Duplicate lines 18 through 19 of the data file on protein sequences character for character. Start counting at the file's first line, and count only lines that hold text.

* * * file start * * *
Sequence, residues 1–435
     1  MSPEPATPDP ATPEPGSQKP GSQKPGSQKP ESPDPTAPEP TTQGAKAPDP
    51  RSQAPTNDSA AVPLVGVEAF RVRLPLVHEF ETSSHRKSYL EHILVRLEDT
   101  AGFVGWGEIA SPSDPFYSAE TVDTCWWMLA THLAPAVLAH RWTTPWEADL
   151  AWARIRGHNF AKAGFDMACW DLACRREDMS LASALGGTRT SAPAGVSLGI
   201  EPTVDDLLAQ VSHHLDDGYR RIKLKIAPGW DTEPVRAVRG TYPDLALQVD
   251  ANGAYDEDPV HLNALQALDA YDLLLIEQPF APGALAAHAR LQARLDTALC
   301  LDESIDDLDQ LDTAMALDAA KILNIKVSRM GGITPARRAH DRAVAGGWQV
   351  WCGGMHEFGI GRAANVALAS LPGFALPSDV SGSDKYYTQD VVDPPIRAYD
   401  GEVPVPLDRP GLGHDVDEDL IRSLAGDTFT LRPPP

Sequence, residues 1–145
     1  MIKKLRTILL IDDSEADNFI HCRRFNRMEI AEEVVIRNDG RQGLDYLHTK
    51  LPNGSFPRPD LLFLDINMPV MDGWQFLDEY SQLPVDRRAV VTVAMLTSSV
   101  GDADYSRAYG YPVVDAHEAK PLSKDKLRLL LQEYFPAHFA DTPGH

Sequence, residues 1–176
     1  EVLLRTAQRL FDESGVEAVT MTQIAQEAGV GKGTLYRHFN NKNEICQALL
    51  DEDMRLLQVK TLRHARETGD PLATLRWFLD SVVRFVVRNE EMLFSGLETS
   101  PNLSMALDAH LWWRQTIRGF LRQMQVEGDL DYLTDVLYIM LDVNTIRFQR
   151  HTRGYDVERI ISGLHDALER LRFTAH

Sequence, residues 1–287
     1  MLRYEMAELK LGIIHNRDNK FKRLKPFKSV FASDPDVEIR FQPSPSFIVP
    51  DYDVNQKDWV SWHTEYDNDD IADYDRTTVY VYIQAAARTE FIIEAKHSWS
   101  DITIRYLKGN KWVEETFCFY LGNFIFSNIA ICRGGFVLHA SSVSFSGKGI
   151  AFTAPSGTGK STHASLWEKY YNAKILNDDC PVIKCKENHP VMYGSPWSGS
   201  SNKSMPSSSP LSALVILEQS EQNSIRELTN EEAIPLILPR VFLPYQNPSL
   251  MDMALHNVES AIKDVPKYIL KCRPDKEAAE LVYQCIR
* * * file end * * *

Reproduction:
   101  PNLSMALDAH LWWRQTIRGF LRQMQVEGDL DYLTDVLYIM LDVNTIRFQR
   151  HTRGYDVERI ISGLHDALER LRFTAH